By Frances Lowery Garner
Most every household owned a sausage grinder (not just for sausage) but this was the main use of it during the winter months.
It would be fastened to a table top with a tube attachment on the end of the grinder and the casings would be rolled onto it. As the ground meat came out through the grinder it would fill the casing.
The filled casings were twisted off in desired lengths and these were chilled and hung over the poles in the smokehouse until the smoke process began.
This sausage as well as other parts of the hog would be smoked over hickory wood for several days and then left hanging until ready to eat.
However, some preferred to can some of the sausage, after frying, in quart jars and they would be packed in their own grease similar to Vienna sausage.
That would assure them of having sausage year round even after those in the smokehouse were gone. They were especially good on days like “wash day” when there was little time to cook.
A favorite of ours was boiled rice, hot buttered biscuits, and open a jar of canned sausage and just warm them.
The flavor of the sausage would be determined by those in charge of the seasonings. Typically the seasoning used was salt, pepper, and red roasted home grown peppers.
The women would usually have the last word after sample patties were cooked on the open fire in an iron fryer as the men were prone to make them too hot for the “chillun” to eat.
Hams and other parts that were smoked were first salted down for about three weeks and then hung in the smokehouse to smoke.
The salt would be washed from the hams or other meat and allowed to drip for a day and night before the smoking began.
Bear grass was gathered from an old field. It was put in hot water to soften and it would be pliable like a string.
The salt would be washed from the hams or other meat and allowed to drip for a day and a night before the smoking began.
After the smoking, borax acid was applied to the meat and a big brown paper sack tied over it to keep the skipper flies out.
It would take 3-4 weeks to smoke the large pieces of meat. Green hickory wood was chosen because it was not easy to blaze. Sometimes sassafras would be mixed with this to give it more flavor.
If the fire blazed another green piece of wood would be placed on it. Of course, someone had to check the smokehouse every couple of hours during the smoking process.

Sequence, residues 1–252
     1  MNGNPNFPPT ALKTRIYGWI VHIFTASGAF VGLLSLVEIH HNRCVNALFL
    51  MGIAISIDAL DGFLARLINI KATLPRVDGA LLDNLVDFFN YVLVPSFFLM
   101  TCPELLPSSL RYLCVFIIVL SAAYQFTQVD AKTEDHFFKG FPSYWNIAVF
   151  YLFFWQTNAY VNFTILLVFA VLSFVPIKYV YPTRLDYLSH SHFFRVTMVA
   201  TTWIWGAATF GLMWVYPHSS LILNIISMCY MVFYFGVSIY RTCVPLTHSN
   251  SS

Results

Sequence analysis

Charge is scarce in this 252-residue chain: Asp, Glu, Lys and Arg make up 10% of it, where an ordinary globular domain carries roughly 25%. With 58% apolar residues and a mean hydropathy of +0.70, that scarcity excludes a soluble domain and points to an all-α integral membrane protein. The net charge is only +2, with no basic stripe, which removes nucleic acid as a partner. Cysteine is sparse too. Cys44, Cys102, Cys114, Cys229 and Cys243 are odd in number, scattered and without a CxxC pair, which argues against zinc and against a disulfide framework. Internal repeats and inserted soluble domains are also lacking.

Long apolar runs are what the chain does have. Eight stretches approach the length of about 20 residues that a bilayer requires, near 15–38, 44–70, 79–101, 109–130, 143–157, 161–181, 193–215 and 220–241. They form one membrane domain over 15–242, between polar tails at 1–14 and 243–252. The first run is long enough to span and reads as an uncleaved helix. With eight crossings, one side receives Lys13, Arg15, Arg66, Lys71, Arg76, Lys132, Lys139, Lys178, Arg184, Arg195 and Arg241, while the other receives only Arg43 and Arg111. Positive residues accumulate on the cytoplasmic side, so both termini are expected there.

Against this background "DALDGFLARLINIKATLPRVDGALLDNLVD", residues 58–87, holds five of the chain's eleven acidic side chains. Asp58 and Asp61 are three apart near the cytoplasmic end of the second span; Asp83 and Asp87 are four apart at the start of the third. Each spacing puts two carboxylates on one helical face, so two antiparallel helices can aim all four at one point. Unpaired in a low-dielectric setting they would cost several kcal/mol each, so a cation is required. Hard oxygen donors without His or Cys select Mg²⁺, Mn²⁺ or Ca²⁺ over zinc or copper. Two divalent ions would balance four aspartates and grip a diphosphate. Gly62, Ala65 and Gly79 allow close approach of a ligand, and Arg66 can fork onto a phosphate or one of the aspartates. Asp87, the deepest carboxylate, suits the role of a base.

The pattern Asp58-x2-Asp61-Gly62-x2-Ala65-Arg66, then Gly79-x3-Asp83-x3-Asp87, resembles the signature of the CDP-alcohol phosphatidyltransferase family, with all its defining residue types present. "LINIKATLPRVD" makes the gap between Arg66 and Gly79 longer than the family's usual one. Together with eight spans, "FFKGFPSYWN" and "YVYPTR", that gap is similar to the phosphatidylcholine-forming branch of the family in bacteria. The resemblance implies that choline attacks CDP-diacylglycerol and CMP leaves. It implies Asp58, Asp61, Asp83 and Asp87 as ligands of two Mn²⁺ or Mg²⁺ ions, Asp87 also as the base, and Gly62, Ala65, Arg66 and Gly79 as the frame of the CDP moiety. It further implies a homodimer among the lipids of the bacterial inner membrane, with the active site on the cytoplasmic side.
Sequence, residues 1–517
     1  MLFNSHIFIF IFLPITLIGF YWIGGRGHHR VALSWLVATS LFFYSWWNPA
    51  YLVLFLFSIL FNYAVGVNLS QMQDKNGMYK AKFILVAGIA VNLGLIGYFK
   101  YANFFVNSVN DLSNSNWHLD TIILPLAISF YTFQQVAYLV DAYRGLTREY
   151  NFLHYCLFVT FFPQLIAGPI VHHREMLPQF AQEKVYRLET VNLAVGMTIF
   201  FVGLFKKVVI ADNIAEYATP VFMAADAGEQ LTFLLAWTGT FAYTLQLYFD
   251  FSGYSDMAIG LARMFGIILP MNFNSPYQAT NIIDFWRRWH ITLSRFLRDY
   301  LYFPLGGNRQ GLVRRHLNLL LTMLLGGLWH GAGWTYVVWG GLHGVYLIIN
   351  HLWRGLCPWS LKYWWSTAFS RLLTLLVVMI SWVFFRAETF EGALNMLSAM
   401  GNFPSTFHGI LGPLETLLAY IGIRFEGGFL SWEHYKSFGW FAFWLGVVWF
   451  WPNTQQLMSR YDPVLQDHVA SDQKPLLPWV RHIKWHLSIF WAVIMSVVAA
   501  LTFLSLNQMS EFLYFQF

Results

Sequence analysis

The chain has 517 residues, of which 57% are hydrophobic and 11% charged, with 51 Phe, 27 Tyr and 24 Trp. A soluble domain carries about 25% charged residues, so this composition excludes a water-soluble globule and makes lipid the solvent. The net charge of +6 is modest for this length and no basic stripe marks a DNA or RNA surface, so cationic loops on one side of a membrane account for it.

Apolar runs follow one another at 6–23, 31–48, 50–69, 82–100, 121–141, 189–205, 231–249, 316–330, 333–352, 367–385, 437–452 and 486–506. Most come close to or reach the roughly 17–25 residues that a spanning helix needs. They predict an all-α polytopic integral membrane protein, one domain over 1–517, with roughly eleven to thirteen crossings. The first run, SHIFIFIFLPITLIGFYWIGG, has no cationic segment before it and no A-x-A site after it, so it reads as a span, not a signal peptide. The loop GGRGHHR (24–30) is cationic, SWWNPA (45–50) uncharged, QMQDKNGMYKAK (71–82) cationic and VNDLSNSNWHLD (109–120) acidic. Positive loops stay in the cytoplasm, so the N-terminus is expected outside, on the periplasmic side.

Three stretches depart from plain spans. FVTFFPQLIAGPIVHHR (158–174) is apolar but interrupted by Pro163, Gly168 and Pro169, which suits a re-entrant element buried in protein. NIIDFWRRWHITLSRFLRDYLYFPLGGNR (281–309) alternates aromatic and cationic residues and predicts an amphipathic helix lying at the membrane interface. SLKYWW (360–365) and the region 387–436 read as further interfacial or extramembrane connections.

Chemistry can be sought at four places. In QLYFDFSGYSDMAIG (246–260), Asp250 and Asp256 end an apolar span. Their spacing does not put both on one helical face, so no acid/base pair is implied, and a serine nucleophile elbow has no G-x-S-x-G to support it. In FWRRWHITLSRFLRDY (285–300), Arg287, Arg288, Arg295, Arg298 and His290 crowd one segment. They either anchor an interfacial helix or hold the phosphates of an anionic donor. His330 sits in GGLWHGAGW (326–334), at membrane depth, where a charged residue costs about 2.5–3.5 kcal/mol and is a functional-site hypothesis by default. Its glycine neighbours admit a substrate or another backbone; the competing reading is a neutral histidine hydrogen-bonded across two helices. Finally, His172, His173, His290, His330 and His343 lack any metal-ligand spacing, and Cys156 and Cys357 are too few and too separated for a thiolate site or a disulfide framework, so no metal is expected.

Even with additional help, all the work could not be completed in one day.
The hog head was cleaned as well as the feet, but the souse (sometimes called hog head cheese) was a job for the women of the house the next day.
The feet and head had to be boiled until all the bones could be easily removed. This was all mixed and seasoned well and packed into a clean pillowcase, flour sack, or cheese cloth if available.
The grease would be squeezed out and allowed to drip good.
Results would be a large volley ball shape delicacy that could be sliced cold and eaten with any meal or in a sandwich if store bought bread was available and this was not usually the case.
Although there was no refrigeration, this would be good for several days as long as it was kept in a cool place.
The salt in the barreled meat would be brine and melted by spring and would not spoil.
If you dipped your hand into the barrel it would be very cold to the touch.
Although “Hog Killings” meant a lot of hard work, it was also a time of being neighborly and swapping work and a time of sharing.
All who helped went home with fresh meat as their pay. It had been a day of manual labor, fellowship, a good meal, and extra groceries in the house.
They would get together again when the next family decided their hogs were ready to kill.
No matter how convenient it is today to buy our prepackaged meat and a lot of it pre-cooked, nothing can compare with the flavor of a fresh fried pork chop that has been home grown and butchered as well as a country smoked ham with red eye gravy.
Those who never experienced, it will never know what they missed.
Fried skins and cracklins was a treat when the school children got off the bus on hog killing day.